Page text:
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Venezuelan President Nicolás Maduro. Photo: Orhan Karsli / Anadolu Agency / Getty Images

Venezuela's National Electoral Council (CNE) announced a decision to delay its presidential elections — scheduled for April 22 — to May, as part of an agreement between the government and some opposition parties, the BBC reports. The new date hasn't been finalized.

Why it matters: Presidential contests are traditionally held in Venezuela in December, but the CNE announced last month that a snap election would be held in April after negotiations between the ruling Socialist Party and opposition politicians broke down. Per the BBC, critics believe that the move was an attempt to further divide an already-splintered opposition coalition to give President Nicolás Maduro an electoral advantage.

The backdrop: Maduro is running for a second six-year term. His tenure thus far has been marred by economic crises, food shortages and civil unrest, forcing thousands to flee the country. Concerns over Maduro's rule have prompted the Trump administration to consider whether to impose restrictions on Venezuelan crude oil exports and the exportation of U.S. refined products to the country.

  • Meanwhile, it's immediately unclear whether any opposition politicians will even run against Maduro. The main Democratic Unity coalition — Maduro's main opposition — launched a boycott of the vote following the snap election announcement. But Henri Falcón, an opposition member and former governor of Venezuela's Lara State, has announced his decision to run.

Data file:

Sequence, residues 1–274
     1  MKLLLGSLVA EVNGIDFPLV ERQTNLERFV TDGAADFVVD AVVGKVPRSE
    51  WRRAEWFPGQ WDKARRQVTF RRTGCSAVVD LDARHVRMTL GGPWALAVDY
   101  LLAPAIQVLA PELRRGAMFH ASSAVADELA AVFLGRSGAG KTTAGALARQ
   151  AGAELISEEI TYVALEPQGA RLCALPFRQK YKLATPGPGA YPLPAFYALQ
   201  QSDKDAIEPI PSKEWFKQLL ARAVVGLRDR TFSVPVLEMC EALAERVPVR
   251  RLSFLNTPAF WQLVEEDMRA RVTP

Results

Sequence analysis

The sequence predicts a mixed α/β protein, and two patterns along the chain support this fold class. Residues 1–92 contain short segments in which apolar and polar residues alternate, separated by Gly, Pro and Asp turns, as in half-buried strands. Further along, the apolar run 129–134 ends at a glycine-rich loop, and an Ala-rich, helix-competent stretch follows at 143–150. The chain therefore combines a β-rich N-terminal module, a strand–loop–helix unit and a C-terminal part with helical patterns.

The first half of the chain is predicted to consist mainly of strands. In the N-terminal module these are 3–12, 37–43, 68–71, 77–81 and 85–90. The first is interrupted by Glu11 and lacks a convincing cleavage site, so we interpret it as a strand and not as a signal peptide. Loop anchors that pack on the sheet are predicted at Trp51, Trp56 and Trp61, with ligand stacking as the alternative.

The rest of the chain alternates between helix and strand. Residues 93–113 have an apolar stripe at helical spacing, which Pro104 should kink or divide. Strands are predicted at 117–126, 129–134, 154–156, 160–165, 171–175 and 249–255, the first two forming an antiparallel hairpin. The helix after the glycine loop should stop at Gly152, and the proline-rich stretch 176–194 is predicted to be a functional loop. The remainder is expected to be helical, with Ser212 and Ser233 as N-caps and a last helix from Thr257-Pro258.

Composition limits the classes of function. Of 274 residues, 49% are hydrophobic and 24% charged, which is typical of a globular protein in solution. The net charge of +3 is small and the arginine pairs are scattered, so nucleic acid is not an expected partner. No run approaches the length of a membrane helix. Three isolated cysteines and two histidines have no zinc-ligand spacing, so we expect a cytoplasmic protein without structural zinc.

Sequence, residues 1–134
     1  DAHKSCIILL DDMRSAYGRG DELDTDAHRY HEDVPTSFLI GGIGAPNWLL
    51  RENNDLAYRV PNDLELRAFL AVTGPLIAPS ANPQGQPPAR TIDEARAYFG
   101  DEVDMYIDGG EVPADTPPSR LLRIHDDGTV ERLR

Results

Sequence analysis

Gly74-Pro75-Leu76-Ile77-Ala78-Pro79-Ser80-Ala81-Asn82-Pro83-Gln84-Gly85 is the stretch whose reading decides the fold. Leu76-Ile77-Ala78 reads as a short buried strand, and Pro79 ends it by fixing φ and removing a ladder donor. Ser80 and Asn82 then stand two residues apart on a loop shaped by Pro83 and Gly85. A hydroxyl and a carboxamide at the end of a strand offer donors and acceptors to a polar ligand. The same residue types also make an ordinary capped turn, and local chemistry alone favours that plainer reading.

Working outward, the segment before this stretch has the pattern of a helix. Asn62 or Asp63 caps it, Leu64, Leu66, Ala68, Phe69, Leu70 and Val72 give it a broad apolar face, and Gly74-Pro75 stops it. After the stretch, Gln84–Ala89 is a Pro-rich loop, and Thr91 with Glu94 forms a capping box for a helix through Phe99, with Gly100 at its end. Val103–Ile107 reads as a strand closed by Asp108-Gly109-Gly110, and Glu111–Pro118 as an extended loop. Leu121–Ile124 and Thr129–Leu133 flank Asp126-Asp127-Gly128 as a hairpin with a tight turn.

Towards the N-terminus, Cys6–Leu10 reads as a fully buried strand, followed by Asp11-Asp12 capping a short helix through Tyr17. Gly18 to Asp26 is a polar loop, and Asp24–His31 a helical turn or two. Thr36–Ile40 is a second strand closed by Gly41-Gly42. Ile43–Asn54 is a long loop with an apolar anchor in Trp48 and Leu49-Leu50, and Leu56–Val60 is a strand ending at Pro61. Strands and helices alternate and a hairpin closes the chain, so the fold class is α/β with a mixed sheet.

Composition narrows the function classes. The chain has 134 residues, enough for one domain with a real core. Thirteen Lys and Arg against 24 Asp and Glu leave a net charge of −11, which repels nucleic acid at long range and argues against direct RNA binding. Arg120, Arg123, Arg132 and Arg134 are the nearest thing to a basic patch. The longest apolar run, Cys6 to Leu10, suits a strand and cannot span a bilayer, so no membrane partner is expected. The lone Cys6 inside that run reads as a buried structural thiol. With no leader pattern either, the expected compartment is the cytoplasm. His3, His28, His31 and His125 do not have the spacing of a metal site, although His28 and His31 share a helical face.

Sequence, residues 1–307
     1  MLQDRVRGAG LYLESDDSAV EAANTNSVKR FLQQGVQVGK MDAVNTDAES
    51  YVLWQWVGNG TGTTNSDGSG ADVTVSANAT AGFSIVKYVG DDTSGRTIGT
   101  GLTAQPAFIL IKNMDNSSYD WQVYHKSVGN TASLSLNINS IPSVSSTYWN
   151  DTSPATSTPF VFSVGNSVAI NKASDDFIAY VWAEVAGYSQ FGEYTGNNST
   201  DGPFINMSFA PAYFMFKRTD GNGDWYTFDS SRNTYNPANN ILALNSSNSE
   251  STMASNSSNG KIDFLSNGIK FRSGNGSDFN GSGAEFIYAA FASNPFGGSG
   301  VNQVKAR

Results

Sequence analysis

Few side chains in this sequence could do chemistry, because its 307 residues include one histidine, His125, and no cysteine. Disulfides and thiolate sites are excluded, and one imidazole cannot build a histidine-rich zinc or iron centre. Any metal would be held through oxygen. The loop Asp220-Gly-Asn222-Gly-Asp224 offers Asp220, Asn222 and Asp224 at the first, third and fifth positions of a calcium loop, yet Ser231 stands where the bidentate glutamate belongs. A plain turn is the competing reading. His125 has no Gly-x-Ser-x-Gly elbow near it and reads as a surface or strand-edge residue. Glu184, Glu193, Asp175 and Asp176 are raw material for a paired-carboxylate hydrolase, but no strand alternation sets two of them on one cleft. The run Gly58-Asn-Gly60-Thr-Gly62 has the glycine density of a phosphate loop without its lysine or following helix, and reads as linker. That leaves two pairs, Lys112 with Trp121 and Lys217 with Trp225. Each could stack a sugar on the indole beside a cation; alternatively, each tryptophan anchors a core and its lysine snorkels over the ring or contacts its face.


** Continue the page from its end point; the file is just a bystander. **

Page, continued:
Go deeper

Federal Reserve expands lending program for small businesses

Federal Reserve Chairman Jerome Powell at a news conference in 2019. Photo: Eric Baradat/AFP via Getty Images

The Federal Reserve said on Friday it would again lower the minimum loan size for its pandemic-era small business program.

Details: Businesses and nonprofits will be able to borrow a minimum of $100,000 from the facility, down from $250,000 — a move that might attract smaller businesses that don't need as hefty of a loan. Since the program launched earlier this year, the minimum loan size has been reduced twice.

2 hours ago - Economy & Business

How Trump and Biden would steer the future of transportation

Illustration: Eniola Odetunde/Axios

President Donald Trump and Democratic challenger Joe Biden would likely steer automotive policy in different directions over the next four years, potentially changing the industry's road map to the future.

Why it matters: The auto industry is on the cusp of historic technological changes and the next president — as well as the next Congress — could have an extraordinary influence on how the future of transportation plays out.